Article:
CIRCE: Studying ultra-high-energy cosmic rays
Ultra-high-energy cosmic rays are the most energetic particles known, with the highest-energy event ever observed at 3.2x1020 eV, many orders of magnitude above the energy of protons accelerated at e.g. CERN. Their sources and their composition (whether they are made of protons or heavier nuclei) remains a mystery: cosmic rays have to be studied indirectly, through their products of their collisions, and different probes of cosmic ray composition yield contradictory results. Although the most abundant elements in the Universe are Hydrogen and Helium, the products from collisions of the highest-energy cosmic rays with the Earth’s atmosphere appears to be heavy nuclei (nitrogen). These collisions also produce muons abundantly - if taken at face-value, the number of muons reaching the Earth indicate that the original cosmic rays could be heavier even than iron. All these conjectures are based on extrapolations of the standard model of particle physics to energies higher than those where it has been tested on laboratories and accelerators here on Earth. There are only two possible explanations for these contradictory observations: either very interesting, fine-tuned astrophysics; or, new physics at trans-LHC energies making protons’ interactions have a ”heavy nuclei” footprint.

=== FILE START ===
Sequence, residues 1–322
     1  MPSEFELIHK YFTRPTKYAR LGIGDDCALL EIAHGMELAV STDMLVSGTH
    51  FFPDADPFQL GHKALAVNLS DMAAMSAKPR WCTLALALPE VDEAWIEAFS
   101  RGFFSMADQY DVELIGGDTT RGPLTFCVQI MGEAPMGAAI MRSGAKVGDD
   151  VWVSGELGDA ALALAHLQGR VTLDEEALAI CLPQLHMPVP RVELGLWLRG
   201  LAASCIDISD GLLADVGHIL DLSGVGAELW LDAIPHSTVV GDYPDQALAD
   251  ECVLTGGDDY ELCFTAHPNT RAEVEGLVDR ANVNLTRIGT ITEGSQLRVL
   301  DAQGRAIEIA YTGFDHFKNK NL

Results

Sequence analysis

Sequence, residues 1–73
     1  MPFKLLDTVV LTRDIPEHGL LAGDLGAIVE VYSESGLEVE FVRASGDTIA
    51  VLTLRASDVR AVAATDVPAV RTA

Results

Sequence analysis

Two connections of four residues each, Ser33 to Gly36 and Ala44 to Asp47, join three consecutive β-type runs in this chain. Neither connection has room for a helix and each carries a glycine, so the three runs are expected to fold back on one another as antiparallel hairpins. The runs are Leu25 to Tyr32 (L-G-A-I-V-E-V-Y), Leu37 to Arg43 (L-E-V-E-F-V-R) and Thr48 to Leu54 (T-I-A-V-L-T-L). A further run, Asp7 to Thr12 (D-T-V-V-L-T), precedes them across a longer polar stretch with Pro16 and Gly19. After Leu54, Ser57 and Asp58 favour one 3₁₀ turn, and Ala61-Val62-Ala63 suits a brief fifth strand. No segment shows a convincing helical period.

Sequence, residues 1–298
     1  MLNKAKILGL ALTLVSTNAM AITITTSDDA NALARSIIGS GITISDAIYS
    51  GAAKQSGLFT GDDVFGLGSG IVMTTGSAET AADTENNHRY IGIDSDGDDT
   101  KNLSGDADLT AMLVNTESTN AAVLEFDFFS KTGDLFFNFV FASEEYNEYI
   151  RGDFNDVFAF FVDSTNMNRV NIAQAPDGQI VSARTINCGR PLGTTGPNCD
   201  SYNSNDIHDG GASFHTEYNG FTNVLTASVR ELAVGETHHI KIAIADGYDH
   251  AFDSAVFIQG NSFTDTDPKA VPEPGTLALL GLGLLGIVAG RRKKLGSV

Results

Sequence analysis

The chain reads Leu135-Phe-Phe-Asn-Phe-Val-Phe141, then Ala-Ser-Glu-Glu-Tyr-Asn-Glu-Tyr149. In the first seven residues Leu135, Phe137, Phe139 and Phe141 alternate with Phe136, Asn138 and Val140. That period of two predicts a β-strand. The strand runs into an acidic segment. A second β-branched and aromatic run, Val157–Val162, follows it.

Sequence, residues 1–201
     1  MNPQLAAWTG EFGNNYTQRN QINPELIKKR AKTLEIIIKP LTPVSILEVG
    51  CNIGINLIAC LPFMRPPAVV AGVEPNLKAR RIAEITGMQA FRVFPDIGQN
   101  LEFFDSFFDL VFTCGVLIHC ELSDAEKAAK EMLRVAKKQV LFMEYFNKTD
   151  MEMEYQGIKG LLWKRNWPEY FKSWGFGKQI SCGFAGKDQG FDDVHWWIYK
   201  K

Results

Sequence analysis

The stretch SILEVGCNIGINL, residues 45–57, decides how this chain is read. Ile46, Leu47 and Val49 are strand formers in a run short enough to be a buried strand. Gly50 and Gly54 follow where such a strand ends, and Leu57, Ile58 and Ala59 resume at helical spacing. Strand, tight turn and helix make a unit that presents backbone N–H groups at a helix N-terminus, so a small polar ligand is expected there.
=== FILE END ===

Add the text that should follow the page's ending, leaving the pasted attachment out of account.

The purpose of project CIRCE (named after the sister of Minoan Queen Pasiphae), which is led by Prof. V. Pavlidou and funded by the HFRI, is to extensively study the problem from both perspectives: astrophysical accelerators of cosmic rays that could naturally produce the peculiar composition observed at Earth, and possible new physics that could affect our interpretation of collected data. In our studies we use simulations of cosmic ray acceleration, propagation in the Universe, and collisions in the Earth’s atmosphere.